As such, in those games you don't get "points" back just for having weaknesses because instead you get points for, essentially, roleplaying them. That also means that when the going gets tough your character can concentrate on being a hero rather than not exposing their flaws to an adversarial GM. And then the story arc itself, including failure, becomes the fun thing rather than you "beating" the opposition.

But I digress... that's only tangentially related to steampunk RPGs. The HERO system and GURPS tend to have wonderfully well researched game books; my experience is that even if you're going to wind up playing, say, FATE Core, it's not the worst thing in the world to pick up the GURPS/HERO books anyway just to mine them for ideas.
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Online arthwollipot

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Re: Steampunk RPGs
« Reply #11 on: March 10, 2015, 01:57:52 AM »
Yes, this was also my problem with GURPS. Players would munchkin together a crippled character just so that they could be the best x-er in the multiverse. The system of traits and flaws was really hard to avoid the temptation to minmax.
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Offline Captain Video

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Re: Steampunk RPGs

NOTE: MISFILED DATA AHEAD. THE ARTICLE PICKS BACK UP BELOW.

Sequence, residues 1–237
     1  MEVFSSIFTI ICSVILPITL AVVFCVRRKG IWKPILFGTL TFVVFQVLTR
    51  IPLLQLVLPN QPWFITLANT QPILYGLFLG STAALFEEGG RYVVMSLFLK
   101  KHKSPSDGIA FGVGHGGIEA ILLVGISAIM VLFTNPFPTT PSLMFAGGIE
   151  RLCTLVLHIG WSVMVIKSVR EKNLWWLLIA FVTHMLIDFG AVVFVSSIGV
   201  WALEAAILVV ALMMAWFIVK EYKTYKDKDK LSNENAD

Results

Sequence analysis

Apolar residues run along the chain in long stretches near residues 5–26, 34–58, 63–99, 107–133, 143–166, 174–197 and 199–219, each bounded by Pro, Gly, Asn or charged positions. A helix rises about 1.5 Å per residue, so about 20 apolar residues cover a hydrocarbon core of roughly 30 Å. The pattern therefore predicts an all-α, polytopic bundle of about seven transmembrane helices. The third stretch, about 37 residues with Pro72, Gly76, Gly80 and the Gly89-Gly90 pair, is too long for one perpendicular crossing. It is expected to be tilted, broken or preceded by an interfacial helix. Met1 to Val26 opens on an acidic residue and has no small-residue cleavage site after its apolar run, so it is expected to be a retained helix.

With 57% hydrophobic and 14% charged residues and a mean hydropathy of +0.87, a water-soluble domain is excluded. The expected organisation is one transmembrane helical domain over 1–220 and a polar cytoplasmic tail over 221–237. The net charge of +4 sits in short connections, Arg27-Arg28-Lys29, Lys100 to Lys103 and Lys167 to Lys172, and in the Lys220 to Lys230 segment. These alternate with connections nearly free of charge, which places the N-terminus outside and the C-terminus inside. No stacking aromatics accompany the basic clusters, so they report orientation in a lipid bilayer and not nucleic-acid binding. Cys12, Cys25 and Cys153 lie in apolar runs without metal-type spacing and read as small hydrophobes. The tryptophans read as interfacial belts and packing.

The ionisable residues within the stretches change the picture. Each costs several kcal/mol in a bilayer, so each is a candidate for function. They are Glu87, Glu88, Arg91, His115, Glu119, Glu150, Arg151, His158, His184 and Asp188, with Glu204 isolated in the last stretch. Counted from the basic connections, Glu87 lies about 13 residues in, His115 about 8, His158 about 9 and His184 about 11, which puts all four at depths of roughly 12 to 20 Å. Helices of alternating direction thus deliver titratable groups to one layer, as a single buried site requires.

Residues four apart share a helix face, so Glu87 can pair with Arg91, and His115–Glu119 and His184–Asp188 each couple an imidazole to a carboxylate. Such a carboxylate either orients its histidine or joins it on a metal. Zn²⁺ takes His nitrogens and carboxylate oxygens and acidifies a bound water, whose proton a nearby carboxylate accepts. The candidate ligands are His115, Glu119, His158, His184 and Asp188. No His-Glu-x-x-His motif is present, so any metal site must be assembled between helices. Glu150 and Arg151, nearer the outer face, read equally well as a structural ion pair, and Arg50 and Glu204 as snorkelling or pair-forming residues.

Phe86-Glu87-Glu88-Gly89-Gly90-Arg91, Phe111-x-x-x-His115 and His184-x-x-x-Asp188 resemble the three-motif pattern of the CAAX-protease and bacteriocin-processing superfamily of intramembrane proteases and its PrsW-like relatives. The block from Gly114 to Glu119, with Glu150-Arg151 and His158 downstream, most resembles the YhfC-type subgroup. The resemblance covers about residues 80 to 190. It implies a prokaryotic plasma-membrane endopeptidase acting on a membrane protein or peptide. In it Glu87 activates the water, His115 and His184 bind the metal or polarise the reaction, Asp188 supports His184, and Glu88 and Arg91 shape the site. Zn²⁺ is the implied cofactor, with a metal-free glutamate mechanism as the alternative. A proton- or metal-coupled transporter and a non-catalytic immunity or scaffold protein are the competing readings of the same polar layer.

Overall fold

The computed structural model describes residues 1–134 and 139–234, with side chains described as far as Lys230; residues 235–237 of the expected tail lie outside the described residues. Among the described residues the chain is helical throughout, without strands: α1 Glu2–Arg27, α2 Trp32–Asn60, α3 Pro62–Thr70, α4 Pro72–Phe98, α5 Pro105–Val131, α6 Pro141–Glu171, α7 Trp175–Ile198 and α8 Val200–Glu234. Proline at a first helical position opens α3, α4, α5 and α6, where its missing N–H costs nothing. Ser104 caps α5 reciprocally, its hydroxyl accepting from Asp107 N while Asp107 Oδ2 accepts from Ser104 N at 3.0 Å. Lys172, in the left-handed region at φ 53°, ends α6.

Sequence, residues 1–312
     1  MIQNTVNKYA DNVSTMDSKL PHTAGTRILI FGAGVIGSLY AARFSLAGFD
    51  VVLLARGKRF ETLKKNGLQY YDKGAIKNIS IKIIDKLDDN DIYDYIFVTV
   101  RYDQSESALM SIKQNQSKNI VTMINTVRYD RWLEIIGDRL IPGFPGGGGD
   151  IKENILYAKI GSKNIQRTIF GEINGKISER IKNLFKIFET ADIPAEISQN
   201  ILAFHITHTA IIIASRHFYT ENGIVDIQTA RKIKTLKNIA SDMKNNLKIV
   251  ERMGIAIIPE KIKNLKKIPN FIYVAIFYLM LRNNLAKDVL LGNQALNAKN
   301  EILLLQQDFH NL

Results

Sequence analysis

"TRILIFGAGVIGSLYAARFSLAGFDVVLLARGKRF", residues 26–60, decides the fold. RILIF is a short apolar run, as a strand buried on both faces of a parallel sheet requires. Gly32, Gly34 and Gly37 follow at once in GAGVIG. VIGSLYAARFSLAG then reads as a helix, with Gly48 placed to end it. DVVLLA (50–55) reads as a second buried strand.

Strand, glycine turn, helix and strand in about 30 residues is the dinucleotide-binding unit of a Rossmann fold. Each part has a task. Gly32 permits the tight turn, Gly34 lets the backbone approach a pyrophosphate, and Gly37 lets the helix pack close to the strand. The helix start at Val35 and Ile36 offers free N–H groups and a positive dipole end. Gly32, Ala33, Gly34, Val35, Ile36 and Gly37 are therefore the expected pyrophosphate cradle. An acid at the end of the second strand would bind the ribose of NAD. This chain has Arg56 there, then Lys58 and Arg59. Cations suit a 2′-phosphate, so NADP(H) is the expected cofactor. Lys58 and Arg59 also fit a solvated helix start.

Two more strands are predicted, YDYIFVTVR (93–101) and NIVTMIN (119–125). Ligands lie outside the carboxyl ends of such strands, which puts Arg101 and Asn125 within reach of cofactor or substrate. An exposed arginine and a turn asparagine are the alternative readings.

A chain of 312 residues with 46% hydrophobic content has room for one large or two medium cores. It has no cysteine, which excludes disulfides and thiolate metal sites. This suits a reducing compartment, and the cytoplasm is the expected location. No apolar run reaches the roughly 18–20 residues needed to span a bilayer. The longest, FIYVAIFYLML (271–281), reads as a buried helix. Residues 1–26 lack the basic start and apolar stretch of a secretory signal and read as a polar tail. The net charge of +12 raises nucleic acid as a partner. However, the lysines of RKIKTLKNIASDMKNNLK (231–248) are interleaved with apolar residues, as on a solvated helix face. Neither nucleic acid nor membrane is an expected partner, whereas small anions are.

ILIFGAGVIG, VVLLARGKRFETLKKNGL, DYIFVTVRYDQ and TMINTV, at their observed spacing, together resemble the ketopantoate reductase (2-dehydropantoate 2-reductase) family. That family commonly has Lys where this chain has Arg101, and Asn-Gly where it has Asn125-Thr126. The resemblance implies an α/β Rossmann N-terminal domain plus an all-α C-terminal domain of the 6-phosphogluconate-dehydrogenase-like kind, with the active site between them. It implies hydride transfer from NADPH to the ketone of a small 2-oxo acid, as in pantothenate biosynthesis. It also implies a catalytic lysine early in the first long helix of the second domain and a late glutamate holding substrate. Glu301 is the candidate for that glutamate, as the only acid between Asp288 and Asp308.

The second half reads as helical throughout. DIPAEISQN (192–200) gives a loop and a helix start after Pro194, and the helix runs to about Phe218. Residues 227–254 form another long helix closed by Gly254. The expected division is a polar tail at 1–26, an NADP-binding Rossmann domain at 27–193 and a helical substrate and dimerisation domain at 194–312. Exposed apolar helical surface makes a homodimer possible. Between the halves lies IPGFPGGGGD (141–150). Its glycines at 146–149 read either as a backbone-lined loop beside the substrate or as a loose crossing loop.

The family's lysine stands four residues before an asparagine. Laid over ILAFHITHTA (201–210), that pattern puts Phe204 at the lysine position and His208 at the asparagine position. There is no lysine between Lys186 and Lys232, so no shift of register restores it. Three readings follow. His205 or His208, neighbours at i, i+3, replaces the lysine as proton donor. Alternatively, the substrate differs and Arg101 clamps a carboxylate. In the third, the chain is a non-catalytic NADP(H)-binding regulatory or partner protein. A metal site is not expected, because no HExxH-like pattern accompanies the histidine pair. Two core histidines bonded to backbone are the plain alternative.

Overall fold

« Reply #12 on: March 10, 2015, 03:14:44 AM »
What you are describing I find true with the Hero system but that kind of building feels correct when making a Super Hero, not so much in other settings.

 I like GURPS because of its similarity to a gaming system my friends played on the 80s called UGM. They tried to publish unsuccessfully, in part due to GURPS coming out in the first place. By my recollection it was the perfect game system and I wish I retained a copy. I agree GURPS is nice because of the available source material, they were not afraid to print odd genres and licensed material, play a rabbit in Watership down, visit Ankh-Morpork, toss one in the fireplace at Callahans cross-time saloon, great stuff.

I had never heard of Fate but i'm interested in checking it out.

Anyway The steam punk in those source books is excellent. It should be easy to convert that stuff into any system.
I think the key here is to pick whatever system best fits your style of gameplay then adapt your own Steampunk mythos rather than going with some games specific storyline. At least that is how I would approach it.
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Offline amysrevenge

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Re: Steampunk RPGs
« Reply #13 on: March 10, 2015, 10:15:41 AM »
adversarial GM

ie. the only way I wanted to play when I was 17, and the only way I don't want to play when I'm 39.
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Offline Johnny Slick

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Re: Steampunk RPGs
« Reply #14 on: March 10, 2015, 10:55:34 AM »
adversarial GM

ie. the only way I wanted to play when I was 17, and the only way I don't want to play when I'm 39.
Yeah, there's definitely a big part of that lurking behind a lot of these game mechanics, too, and it is sometimes *really* hard to train players out of that mindset (in fact, a lot of people seem to only enjoy that kind of game, which, yuk, but to each their own I guess). The idea that failure can be fun because good RPGing is about creating a neat narrative, not "winning" is a real paradigm shift.